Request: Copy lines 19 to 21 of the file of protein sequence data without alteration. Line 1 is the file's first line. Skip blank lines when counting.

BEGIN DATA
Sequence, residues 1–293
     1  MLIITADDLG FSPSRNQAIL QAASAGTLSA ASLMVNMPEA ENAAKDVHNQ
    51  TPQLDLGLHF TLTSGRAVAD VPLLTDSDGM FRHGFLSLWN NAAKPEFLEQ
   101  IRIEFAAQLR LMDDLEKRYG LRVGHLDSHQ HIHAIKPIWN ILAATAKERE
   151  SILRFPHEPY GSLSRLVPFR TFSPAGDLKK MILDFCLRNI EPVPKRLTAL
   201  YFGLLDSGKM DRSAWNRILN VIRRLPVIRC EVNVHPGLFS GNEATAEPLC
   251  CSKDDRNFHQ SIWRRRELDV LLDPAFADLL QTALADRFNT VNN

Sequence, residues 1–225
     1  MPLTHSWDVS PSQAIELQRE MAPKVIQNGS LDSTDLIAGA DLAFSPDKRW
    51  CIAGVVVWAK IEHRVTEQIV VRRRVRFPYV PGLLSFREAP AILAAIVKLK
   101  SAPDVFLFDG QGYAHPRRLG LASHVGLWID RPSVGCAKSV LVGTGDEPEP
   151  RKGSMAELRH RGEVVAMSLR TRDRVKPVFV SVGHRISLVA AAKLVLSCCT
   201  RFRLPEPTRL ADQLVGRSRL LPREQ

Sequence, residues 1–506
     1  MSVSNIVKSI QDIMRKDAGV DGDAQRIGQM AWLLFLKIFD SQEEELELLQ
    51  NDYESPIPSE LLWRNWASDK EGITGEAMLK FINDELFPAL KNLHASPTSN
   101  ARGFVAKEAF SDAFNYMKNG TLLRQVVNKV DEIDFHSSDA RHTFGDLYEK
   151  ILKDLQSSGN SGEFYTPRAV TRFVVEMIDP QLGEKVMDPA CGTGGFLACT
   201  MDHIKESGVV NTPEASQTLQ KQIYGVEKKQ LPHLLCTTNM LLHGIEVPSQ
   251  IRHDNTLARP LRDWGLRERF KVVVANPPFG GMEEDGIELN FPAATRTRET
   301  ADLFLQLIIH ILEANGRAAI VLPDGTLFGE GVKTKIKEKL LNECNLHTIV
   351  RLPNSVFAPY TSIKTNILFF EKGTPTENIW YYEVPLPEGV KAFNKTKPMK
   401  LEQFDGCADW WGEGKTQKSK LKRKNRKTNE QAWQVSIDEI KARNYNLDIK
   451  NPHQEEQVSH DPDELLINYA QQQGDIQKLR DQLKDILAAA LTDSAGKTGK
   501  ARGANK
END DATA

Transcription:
   201  MDHIKESGVV NTPEASQTLQ KQIYGVEKKQ LPHLLCTTNM LLHGIEVPSQ
   251  IRHDNTLARP LRDWGLRERF KVVVANPPFG GMEEDGIELN FPAATRTRET
   301  ADLFLQLIIH ILEANGRAAI VLPDGTLFGE GVKTKIKEKL LNECNLHTIV